The property they're driling is a closed mine that Fire River is planning to reactivate. It's the Nixon Fork Mine, which is slated to reopen this year. The company has a Preliminary Economic Assessment (PEA) that estimates a very low capital cost of $7 million to re-open the mine. Unfortunately, the PEA only forecasts two additional years of production and a Net Present Value (NPV) for the project of only $60.9 million. The projected internal rate of return is amazingly high, but the NPV is only 50% above Fire Lake's current market capitalization of $40.163 million.
There's no capital-raising quagmire for this company. After the PEA was released, the company announced a private placement (PP) of $7 million. Although the funds aren't all slated for the recovery work, the value of the planned PP is the same as the capital-cost forecast.
Despite that drill result, issued before the market opened today, Fire River was caught in the junior-explorer downdraft that hammered a lot of juniors. Instead of taking off, the stock closed down 3 cents at 46.5 cents. So, the PP price might have to be lowered to, say, 45 cents or put on hold until the stock recovers.
From what I've seen, and this is only the result of my own sketchy due diligence (yours may differ), the Nixon Fork is going to be re-opened. The trouble with the stock is, despite the winning economics of the project, the NPV per share isn't that much higher than the currently beaten down stock price. There isn't much of a discount. Moreover, management is going to have to do something in two years to find a new revenue stream. Its other two projects, both in Alaska, have had little exploration work done. Even if a mineable deposit is found on one of those properties, it wouldn't be in production for a minimum of five to seven years in the future.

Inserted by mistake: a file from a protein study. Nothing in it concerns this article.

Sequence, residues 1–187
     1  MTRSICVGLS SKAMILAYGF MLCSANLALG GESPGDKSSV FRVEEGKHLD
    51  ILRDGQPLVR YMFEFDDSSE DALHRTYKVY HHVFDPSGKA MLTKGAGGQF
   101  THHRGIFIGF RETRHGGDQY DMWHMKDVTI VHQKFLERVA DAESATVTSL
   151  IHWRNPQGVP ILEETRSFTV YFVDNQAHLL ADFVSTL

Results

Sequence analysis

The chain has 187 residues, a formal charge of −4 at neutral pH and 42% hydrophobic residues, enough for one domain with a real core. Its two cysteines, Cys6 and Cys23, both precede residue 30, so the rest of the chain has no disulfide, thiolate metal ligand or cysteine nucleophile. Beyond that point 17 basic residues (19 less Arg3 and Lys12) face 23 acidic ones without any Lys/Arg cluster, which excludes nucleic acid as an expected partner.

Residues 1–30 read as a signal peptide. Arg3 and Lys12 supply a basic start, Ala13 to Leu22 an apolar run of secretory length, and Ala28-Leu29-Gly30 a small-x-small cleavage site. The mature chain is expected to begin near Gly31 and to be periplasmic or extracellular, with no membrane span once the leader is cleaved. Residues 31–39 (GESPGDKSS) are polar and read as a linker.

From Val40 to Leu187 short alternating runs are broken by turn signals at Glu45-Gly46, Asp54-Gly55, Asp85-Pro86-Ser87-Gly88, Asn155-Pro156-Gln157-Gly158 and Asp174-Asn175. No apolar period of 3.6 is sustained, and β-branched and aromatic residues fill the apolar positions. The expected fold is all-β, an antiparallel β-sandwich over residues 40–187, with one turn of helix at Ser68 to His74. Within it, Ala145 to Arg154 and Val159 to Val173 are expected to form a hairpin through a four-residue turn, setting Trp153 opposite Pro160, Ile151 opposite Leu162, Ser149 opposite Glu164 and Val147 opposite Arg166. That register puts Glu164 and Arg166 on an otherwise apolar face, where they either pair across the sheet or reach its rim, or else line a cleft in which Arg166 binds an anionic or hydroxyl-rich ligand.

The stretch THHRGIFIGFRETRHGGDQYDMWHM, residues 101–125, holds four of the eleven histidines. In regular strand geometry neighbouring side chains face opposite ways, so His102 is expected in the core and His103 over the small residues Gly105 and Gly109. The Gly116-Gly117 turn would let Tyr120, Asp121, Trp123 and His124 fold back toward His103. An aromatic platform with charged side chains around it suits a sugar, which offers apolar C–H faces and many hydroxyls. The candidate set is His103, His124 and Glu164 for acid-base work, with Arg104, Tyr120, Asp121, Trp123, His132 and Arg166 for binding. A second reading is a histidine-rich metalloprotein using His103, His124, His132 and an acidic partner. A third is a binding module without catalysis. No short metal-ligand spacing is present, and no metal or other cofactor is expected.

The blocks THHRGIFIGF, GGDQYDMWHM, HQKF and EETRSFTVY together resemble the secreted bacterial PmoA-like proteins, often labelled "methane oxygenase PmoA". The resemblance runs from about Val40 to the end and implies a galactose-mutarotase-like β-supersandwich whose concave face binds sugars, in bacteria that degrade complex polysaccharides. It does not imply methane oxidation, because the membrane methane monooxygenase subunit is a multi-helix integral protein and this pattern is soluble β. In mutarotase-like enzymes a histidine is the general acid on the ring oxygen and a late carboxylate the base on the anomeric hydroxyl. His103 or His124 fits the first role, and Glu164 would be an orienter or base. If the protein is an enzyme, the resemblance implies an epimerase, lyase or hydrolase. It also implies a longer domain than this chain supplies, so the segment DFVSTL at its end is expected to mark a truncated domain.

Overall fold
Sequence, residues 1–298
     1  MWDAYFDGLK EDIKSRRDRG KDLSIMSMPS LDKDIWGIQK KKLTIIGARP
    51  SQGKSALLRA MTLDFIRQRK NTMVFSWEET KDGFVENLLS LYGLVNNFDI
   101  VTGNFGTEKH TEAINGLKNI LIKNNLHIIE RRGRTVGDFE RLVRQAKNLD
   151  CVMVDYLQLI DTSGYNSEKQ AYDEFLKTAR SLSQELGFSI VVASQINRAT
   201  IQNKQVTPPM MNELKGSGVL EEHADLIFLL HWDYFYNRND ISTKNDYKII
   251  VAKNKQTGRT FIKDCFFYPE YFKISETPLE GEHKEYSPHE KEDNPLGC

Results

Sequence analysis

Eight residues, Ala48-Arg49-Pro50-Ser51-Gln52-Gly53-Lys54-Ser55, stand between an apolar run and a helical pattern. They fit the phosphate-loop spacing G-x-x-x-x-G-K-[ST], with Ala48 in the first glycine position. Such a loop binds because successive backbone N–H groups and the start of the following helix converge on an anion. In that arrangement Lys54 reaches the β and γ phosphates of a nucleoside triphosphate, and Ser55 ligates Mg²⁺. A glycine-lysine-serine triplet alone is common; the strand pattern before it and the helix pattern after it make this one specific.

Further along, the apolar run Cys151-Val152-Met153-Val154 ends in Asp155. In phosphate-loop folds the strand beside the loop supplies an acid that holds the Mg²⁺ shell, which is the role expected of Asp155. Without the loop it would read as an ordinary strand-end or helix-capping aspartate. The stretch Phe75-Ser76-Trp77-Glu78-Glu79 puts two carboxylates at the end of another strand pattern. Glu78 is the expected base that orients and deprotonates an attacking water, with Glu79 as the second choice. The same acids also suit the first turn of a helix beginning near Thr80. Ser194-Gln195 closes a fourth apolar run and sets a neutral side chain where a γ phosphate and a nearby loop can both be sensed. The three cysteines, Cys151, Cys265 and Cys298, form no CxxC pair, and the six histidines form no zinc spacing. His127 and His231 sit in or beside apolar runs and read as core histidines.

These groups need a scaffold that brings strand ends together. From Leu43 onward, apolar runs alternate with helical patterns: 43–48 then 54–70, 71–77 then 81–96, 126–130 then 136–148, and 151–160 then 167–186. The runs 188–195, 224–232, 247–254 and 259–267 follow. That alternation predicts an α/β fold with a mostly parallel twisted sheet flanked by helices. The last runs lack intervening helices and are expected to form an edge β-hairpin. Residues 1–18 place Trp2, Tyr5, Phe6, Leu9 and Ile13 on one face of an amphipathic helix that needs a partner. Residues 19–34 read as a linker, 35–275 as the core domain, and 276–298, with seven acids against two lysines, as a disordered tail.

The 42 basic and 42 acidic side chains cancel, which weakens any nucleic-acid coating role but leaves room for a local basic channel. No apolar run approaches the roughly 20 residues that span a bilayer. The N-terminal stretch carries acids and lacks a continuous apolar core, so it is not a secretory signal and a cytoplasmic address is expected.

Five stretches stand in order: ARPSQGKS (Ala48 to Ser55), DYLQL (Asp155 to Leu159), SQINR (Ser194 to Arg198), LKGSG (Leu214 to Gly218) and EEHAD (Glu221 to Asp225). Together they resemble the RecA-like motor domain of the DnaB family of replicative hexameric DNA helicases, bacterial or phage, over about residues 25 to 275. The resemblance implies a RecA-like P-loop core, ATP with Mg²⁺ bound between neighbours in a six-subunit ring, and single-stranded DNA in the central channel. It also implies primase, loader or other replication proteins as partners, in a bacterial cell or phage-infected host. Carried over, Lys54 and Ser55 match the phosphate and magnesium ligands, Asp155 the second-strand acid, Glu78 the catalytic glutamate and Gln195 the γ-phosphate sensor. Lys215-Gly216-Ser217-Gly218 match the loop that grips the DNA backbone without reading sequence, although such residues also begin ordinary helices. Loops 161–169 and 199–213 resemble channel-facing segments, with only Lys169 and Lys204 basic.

That said, there's two ways in which this company could be a good speculation. The base case used for the PEA is $1,200/oz. If gold goes up significantly higher, the mine will churn out a lot more money during its two years. Secondly, drill holes like the one highlighted in the first paragraph may end up significantly expanding the deposit. That would make for more gold, and might even make for a three-year life if the company's lucky. That bonanza-grade hole was assayed after the PEA was released; it isn't included in the resource estimate.
From my angle, the company strategy look like this: a move into production using the two-year framework while simultaneously drilling more in an effort to expand the minable deposit within those two years. Once the money property is squared away, Fire River might try for another promising property or turn attention to its Alaska properties. Either way, unless management can find another closed mine, there will be a revenue gap even if they secure or prove out another mineable deposit. The short life of the Nixon Fork, even if all goes well, is what makes this company iffy.
Depite those drawbacks, it can be snapped up at a fairly low price thanks to the junior explorer washout today. The bonanza-hole kicker was ignored.
Below is a one-year chart of Fire River, from Stockcharts.com:
The Moral Of The Story: Sadly but truly, a low-risk speculation doesn't have much profit in it and not much blue sky to justify a ramp-up in valuation. Near producers with low market caps in this junior-gold environment likely deserve their market caps, or not much more. Kickers are iffy, and they should be evaluated skeptically.
Disclosure: None; I own no shares of the company.